Turn on that switch!

The signal stops here

The signal stops here

It’s been one week since the National Assembly discontinued live TV coverage of its proceedings. And most of us have now resigned to the fact that the National Assembly’s discussions are not broadcast on live TV.

Not our villagers though. I still receive calls to appeal, on their behalf, for resumption of live coverage – on radio and TV – of the Assembly’s proceedings. Today, for instance, Tashi Gyeltshen telephoned me. Tashi is from remote Merak in Trashigang. And he’s a yak herder. He called to tell me that he wants to listen to the Assembly sessions on his radio. And, that he misses watching the sessions on live TV when he visits his gewog centre.

Incidentally, that TV set, complete with satellite dish and generator, was installed by the government to increase the public’s participation in the democratic process. In fact, every one of our 205 gewogs, including the remotest ones, were similarly equipped to allow our people to learn about and contribute to His Majesty the King’s vision of a vibrant democracy.

And then there are the BBS cameramen. Three of them are still stationed strategically, to cover every moment of the Assembly’s debates. They don’t sit. They can’t sit. They are on their feet, hours on end, operating their cameras that send live TV signals to the outdoor broadcasting van parked outside the Parliament. All that prevents the TV signals from going any further is the microwave transmitter switch in the OB Van.

Turn on that switch, and the TV signals would be instantaneously transmitted to the signal receiver tower in Sangaygang. From there, fibre optic cables would carry the signals to the BBS’s National TV Centre in Chubachu, where  the satelite earth station would beam them to INSAT4 A, an Indian satellite that BBS is allowed to use free of charge. That satellite would beam the signals right back to earth, and to Merak, where the live TV images would be received on their satellite dish. And, viewed by Tashi Gyeltshen the next time he visits his gewog centre.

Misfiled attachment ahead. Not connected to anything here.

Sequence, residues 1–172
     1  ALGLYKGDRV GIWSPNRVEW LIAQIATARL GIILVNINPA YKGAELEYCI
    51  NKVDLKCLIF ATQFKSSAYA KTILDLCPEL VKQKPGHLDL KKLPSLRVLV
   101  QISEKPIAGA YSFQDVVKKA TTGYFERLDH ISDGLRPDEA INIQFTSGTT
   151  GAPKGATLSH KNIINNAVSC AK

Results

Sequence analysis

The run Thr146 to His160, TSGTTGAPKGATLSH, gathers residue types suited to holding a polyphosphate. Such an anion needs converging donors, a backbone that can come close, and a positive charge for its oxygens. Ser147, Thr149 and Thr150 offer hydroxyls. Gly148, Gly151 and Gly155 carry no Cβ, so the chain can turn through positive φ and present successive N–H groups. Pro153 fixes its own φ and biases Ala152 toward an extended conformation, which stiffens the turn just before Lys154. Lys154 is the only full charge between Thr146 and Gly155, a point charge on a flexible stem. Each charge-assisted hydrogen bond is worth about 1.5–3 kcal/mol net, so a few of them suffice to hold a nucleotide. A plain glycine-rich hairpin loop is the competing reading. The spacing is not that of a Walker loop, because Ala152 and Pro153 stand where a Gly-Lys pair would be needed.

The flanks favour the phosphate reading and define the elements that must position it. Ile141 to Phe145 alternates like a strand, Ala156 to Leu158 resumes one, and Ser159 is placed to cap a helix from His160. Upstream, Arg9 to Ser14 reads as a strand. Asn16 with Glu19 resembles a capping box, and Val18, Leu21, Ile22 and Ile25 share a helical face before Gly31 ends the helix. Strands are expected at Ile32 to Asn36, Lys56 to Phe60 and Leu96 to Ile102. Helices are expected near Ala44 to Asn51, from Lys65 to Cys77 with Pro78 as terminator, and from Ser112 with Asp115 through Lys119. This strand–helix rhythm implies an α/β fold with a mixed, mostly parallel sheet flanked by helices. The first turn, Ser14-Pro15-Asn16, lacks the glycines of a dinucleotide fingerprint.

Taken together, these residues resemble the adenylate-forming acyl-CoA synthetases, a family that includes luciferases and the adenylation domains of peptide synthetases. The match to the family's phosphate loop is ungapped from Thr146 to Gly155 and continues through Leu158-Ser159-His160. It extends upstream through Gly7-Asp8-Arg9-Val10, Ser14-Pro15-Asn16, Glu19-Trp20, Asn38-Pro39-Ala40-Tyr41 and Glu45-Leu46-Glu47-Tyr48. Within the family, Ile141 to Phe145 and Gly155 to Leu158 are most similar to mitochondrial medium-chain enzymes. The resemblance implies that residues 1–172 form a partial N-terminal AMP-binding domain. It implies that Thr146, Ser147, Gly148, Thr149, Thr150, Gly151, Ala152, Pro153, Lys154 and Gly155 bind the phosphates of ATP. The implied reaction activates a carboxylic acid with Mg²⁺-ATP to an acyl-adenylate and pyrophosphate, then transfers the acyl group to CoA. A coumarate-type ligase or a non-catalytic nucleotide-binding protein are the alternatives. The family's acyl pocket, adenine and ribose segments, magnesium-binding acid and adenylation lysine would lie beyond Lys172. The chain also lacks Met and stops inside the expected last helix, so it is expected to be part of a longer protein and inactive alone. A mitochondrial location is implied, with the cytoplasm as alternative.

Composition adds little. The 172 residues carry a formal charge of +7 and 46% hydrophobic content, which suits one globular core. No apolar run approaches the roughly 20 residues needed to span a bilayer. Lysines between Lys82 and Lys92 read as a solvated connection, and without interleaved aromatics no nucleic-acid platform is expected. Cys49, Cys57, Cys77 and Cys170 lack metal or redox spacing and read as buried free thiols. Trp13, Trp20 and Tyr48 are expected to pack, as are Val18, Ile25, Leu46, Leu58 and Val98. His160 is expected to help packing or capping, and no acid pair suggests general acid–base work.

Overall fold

On behalf of all the Tashi Gyeltshen’s in all our villages, I appeal to our honourable speaker and the members of parliament to allow the resumption of live TV and radio broadcast. And on behalf of the media I say: let BBS turn on that switch!

Live TV poll

National shame

National shame

Our last poll, on the PCS, has been up for hardly four days. But it generated 51 votes. Almost three-fourths of them were cast against the position classification system. And only 14 voters supported the PCS. Several of the commentators, however, clarified that the PCS is actually a useful system, but that its flaws come from poor implementation. I agree with them.

If the RCSC wants to continue with the PCS, it should implement the system completely. In particular, it should put into practice the dual principles of “right person for the right job” and “equal money for equal value of work” that the PCS is founded upon. Half way measures will not work. And exceptions and the lack of transparency will cause civil servants to lose confidence in the system.

Our new poll is on the National Assembly’s decision to stop live TV broadcasts for most of the session. I’d written about the National Assembly’s decision a few days ago, but several people have asked for a poll.

Earlier this month, I’d also written about the BBS’s new television facilities. In a span of three weeks the BBS inaugurated a spanking new Nu 200 million National TV Centre, and they were told that they can no longer broadcast most of the National Assembly proceedings. What this is, is a national shame.